A crucial part for my strategy to remain productive while fighting with CFS, is to adjust my tasks depending on how I feel. For example, if I am too tired, I sit down and I read (I have a goal to re-read a lot of books and provide reviews and summaries of them on my blog).

Now, coming back to my point. Just imagine yourself having to deal with dizziness on a daily basis. Or extreme tiredness. Or bad mood. I learned to mask my symptoms, fend them off and chase my dreams. If I can do what I do with the myriad of challenges that CFS poses to me, you can do it too!

#2 – The wealthiest place on earth is the graveyard

Do me a favor please. Write down all the projects you planned in the last 5 years. How many of those have you taken on? 1? Maybe 2? Or none?

Most people have awesome ideas. Most people have awesome plans for their lives. And the funny thing is that most people would be incredibly happy following those plans, but almost nobody ends up carrying out those plans. Most people don’t have the ability to change their lives because they are fearful to go against the crowd. And the crowd rarely works for their own dreams, instead being trapped into car and mortgage payments.

Very few people have the courage to really assess what makes them happy, write down a plan to maximize it and go for it.

Don’t be part of the vast majority, whose plans are never executed. Do not take your dreams to the graveyard with you!

#3 – Your passion is what makes you thrive

The two things that I love the most these days include writing awesome posts for my readers, taking care of my Real Estate, and growing my businesses. I love to create value, it makes me happy. I love to buy real estate that looks like this:

rental property

and I transform it into this:

rental property

and looks like this:

rental property

and I transform into this:

rental property

Doing what I love will enable me to retire early! You see, I am passionate about rehabbing properties, and setting myself free from the corporate world will maximize the time that I’ll have to do the things I love.

If I sound really passionate about Real Estate, it’s because I am! I am on track to retire by 33 through Real Estate. My portfolio is primarily exposed to Real Estate; if you have a look at my stock portfolio you’ll see it is actually very small right now (as I also expect a market correction and I want to take advantage of it). I am pretty hands-on as far as my real estate investments when my health allows me to. I often publish resources for Real Estate investing, including real estate books, pro forma explanations and landlording stuff. In the next 3 quarters of the year, I will be working on my health while trying to increase my net worth and diversify my sources of income.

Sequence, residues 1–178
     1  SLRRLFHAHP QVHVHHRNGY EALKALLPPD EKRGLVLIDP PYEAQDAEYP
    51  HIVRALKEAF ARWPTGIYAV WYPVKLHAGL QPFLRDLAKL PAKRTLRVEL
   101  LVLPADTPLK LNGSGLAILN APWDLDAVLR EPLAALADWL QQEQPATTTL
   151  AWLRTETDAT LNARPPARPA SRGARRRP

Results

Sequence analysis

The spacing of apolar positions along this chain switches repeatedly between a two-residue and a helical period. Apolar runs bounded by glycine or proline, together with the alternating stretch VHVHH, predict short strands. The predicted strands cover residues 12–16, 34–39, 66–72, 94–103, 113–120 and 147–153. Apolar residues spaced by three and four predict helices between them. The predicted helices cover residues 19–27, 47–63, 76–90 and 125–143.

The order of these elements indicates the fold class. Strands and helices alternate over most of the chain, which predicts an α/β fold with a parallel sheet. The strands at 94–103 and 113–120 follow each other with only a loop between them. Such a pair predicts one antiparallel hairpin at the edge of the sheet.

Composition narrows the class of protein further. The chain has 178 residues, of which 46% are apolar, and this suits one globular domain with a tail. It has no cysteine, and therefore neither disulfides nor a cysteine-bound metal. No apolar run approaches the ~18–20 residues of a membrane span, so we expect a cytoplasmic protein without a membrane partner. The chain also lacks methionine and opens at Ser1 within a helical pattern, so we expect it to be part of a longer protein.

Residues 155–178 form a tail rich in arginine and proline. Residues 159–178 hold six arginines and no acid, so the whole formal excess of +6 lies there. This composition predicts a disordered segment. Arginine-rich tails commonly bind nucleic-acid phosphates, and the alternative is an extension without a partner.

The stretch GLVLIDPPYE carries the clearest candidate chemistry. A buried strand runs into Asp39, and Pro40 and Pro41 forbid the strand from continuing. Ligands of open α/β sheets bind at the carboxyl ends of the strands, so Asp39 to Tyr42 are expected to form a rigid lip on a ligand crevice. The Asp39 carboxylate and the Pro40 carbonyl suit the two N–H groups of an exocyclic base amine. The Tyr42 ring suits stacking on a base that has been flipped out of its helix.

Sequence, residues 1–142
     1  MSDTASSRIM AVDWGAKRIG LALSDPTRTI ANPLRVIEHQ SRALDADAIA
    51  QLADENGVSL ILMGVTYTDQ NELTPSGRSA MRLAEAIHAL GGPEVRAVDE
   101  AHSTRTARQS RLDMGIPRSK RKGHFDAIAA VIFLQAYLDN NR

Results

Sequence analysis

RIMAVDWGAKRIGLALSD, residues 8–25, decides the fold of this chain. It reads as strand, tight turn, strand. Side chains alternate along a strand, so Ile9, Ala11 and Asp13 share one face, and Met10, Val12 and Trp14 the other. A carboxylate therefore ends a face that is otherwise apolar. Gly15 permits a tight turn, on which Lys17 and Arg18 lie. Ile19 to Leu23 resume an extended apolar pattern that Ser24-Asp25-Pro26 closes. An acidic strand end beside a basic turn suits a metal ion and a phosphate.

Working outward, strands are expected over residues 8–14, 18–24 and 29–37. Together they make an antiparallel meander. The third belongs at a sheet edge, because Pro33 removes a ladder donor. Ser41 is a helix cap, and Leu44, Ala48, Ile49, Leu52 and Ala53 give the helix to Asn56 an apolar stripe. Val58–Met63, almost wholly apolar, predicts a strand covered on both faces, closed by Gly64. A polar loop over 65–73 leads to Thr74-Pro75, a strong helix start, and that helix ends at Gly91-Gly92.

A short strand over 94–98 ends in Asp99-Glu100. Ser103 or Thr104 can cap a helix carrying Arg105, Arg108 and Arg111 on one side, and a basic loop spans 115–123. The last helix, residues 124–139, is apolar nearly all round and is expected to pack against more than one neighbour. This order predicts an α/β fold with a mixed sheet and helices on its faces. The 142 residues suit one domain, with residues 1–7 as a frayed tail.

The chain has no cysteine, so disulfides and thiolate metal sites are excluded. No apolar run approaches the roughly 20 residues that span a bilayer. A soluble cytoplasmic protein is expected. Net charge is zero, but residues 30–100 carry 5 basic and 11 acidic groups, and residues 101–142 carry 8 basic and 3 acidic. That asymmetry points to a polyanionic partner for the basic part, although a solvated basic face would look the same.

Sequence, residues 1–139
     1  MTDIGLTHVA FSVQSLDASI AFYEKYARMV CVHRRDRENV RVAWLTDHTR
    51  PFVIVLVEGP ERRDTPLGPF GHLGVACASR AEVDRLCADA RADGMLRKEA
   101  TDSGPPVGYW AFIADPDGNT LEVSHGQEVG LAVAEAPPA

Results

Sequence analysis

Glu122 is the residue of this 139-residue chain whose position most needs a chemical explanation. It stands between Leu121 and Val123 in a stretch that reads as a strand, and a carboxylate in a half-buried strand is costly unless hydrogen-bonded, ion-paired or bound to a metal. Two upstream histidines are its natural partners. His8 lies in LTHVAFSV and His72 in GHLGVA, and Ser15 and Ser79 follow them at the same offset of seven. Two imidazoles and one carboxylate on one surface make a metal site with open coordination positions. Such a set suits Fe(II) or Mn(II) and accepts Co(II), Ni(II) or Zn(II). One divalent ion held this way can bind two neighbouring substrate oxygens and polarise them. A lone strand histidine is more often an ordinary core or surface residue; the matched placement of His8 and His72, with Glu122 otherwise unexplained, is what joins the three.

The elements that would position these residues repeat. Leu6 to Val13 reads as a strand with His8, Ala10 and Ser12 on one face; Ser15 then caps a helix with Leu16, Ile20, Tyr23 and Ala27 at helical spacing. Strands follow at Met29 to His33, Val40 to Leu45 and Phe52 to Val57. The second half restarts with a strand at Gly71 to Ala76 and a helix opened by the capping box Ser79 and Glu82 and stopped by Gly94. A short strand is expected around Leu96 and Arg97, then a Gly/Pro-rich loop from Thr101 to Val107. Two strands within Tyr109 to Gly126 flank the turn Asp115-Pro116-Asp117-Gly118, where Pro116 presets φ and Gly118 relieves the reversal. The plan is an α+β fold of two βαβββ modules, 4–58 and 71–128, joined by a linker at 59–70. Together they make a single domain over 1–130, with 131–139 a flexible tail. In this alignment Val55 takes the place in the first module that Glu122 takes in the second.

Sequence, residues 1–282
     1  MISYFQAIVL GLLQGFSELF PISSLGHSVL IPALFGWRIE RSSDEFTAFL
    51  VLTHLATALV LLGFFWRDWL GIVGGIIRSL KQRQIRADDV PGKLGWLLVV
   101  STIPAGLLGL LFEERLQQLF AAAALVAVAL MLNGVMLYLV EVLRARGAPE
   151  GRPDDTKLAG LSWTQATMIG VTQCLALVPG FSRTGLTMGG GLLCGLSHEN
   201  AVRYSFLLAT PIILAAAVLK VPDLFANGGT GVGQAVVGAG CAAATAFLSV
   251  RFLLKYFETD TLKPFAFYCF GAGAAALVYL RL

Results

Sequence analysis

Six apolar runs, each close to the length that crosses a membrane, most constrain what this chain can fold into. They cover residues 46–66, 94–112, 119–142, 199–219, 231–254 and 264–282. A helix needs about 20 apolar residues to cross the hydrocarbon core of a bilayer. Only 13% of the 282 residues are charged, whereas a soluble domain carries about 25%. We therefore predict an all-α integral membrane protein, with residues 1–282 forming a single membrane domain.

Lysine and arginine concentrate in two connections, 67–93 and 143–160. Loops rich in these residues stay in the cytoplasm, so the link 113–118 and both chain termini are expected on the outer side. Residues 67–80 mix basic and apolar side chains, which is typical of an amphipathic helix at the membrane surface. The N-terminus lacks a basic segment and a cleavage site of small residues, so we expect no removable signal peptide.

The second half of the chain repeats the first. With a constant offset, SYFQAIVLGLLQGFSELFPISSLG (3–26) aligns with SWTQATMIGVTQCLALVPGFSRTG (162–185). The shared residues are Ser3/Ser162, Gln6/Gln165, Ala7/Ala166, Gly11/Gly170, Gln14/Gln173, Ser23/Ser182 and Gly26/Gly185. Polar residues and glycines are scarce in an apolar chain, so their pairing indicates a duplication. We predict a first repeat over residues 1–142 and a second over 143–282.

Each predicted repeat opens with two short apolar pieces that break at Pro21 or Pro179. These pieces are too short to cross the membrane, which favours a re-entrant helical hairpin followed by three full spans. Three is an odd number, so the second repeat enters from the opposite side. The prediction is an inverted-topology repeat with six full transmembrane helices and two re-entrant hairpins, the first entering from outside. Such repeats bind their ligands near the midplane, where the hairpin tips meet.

#4 – Life is too short

Life is too short. Whether you realize it or not, when you become older, you’ll wish you had done things differently. But NOW is the time to do things differently!

If you spend 1 hour per day going to work and 1 hour coming back home, 5 times a week, that is 40h per month or 480h per year. In the course of 10 years, that sums up to 4800h, which means 200 days! Every 10 years, you’re almost losing 1 year of your life stuck in a car, going to work and back home.

If you were to take one year off, that would be “too much time”, right? That is how much time you’ll be inside a car over the course of one decade. A freaking car!

This is just an example. Being inside a car for 1 year every 10 years, attending meetings you don’t really like, having to deal with co-workers and/or bosses who are not really nice to you, you name it. All this and more are things that you can’t avoid if you have to work. Early retirement and financial freedom allows you to set yourself free from these things and enjoy your time. You don’t have much of it, sadly.

#5 – The best in life is outside of work

Work can be nice too, no question about it. I’ve enjoyed working my butt off to have a great PhD thesis. I’ve enjoyed receiving the best paper award at a major conference in my research field. I’ve enjoyed meeting co-workers who I became very good friends with. I even enjoyed working on my papers until late in the night!